Kern Bridge

Kern Bridge


The Kern (Yaeger) Bridge is a single-span, wrought-iron, bowstring arch through truss bridge that rested on limestone abutments before its removal on February 6, 2020. The bridge is significant as the only example of a bowstring through truss bridge in Minnesota and for its exception span length.

This type of bridge was a popular bridge type from the 1850s to 1880s. Typically constructed of cast or wrought iron, these bridge types marked the transition from wood, stone, and timber building materials to metal. They peaked in popularity in the 1870s and could be found in states throughout the Midwest. 

By the 1880s, bridge builders shifted their attention to Pratt truss as the preferred crossing type and construction of bowstring arches declined. Today there are few bowstring arch bridges still standing in the Midwest or the United States. (Historic Bridge Foundation, "Seeking a New Home: Kern Bridge, America's Largest Bowstring Span", 2019). 

Key Facts

  • Built: 1873 (one of Minnesota's oldest bridges) for a cost of $8,652 by John Mahowald and the Wrought Iron Bridge Company
  • Type: Bowstring arch through truss (only one in Minnesota) 
  • Length: 189ft. (longest existing bowstring span in the US) 
  • Initial Crossing: Mankato/South Bend Ivywood Lane (Township Road 190) over the Le Sueur River
  • Use: Initially used for horse and buggy traffic; closed to pedestrians and vehicles early 1990s
  • Ownership: Transferred from Mankato & South Bend Township to MnDOT District 7 following the removal to be stored until a new owner can be found
  • Listed on the National Register of Historic Places 

Removal and Storage

On February 6, 2020, the Kern Bridge was picked up from its location spanning the Le Sueur River and carefully placed along the river's banks to be disassembled and placed into storage.

Due to the design and age of the bridge, this project required intricate structural engineering analysis of the bridge's components strength characteristics as well as a carefully detailed pick and salvage plan in order to maintain the integrity of the bridge structure for disassembly and future re-use in an alternate location. Stabilization of the southeast bridge bearing during construction was also required because the limestone block abutments the bridge sat upon were failing. This stabilization helped to reduce the chance of failure prior to salvaging the bridge.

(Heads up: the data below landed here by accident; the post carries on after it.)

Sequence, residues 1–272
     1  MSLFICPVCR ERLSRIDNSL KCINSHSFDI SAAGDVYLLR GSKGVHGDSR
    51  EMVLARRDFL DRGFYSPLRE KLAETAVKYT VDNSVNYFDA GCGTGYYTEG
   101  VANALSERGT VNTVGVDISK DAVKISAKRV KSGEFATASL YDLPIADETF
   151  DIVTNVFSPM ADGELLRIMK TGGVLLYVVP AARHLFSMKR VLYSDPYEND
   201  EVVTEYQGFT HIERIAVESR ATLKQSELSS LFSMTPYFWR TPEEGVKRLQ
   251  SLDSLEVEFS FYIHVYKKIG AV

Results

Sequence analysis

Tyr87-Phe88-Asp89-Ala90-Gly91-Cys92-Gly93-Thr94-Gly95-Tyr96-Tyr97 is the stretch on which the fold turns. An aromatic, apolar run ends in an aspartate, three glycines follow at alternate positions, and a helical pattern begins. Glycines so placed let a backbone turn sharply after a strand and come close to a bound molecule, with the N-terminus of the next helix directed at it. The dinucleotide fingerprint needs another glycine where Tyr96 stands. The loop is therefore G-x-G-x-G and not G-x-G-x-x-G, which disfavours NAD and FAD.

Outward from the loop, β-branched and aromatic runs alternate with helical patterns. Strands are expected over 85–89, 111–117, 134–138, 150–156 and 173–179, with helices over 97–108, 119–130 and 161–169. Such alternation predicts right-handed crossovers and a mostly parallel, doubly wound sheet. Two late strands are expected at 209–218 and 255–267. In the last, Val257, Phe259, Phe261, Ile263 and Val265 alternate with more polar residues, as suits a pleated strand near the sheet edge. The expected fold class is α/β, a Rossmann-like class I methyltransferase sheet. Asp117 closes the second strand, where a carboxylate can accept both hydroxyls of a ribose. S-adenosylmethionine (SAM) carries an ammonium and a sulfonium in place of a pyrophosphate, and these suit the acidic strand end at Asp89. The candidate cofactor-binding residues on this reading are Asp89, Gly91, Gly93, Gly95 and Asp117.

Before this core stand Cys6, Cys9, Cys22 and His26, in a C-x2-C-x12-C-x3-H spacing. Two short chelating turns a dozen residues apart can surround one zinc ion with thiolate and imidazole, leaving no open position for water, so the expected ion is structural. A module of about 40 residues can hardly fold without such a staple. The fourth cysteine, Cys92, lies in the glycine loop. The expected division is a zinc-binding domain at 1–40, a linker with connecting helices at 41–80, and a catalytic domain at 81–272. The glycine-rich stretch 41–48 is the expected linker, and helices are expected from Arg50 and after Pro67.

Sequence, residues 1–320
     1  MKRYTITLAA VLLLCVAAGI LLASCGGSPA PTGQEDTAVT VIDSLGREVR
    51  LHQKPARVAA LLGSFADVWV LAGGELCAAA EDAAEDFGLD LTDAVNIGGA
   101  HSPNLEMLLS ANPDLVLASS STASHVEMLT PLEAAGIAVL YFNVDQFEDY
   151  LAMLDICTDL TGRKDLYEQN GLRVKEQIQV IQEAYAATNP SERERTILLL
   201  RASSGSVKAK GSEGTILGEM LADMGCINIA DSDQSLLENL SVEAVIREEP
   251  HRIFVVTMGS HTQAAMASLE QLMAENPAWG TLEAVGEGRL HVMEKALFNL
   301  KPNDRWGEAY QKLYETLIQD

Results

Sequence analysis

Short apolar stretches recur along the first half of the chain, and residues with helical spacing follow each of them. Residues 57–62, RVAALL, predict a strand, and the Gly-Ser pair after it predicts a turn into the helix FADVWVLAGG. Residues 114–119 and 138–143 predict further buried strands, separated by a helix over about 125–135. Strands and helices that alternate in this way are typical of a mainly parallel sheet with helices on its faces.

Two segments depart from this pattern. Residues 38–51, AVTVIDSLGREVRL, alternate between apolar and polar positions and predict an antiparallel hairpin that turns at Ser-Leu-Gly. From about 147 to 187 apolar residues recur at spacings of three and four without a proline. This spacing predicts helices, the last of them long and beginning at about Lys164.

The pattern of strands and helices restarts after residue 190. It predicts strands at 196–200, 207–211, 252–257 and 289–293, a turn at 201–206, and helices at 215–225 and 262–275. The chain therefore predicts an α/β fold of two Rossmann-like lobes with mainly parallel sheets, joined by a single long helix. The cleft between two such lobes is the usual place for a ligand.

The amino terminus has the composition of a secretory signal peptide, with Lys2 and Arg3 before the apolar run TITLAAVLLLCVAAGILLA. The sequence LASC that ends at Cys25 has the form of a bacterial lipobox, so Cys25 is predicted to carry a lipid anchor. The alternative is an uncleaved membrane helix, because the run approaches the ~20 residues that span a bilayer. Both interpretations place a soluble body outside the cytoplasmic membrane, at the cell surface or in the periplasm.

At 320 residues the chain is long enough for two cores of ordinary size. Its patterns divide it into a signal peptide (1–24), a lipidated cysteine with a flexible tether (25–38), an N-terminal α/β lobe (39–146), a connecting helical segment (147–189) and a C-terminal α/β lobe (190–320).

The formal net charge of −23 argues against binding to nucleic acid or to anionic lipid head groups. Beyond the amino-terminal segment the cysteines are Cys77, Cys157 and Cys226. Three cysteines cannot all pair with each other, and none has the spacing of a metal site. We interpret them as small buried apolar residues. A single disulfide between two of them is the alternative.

Two cranes were used during the operation with one crane picking at each end of the bridge because of the bridge's length. A large crane was placed on a rock pad in the middle of the Le Sueur River to lift the west side; another slightly smaller crane sat on the east bank to lift the east side. The bridge was then lifted from its location and set down temporarily while the east crane re-positioned to set the bridge in its final location for disassembly. 

After removal, the structure was carefully marked and disassembled into large pieces for future refurbishing and re-assembly. 

The removal was completed by Carlton Companies, Inc. of Mankato, MN with a bid of $595,660. The project was funded with Federal (FHWA) aid (80%0 and State Aid Township Bridge funds (20%). The project was managed by Blue Earth County Public Works Director/County Engineer Ryan Thilges, P.E. & Assistant County Engineer Stefan Gantert, P.E. 

February 6, 2020 Bridge Removal Video

February 6, 2020 Bridge Removal Photos

Time-Lapse Kern Bridge Disassembly

Future of the Bridge 

MnDOT will be soliciting interested agencies to find a new home for the Kern Bridge. Cities, counties and state agencies are qualified. Cities with a population of less than 5,000 must have county sponsorship. A letter of intent followed by a formal application will be needed. 

The agency must also rehabilitate the bridge to its historic standards (Secretary of the Interior's Standards for the Treatment of Historic Projects). All FHWA/MnDOT rules and requirements must be followed. 

More information will be provided here after March 1, 2020 as they are provided.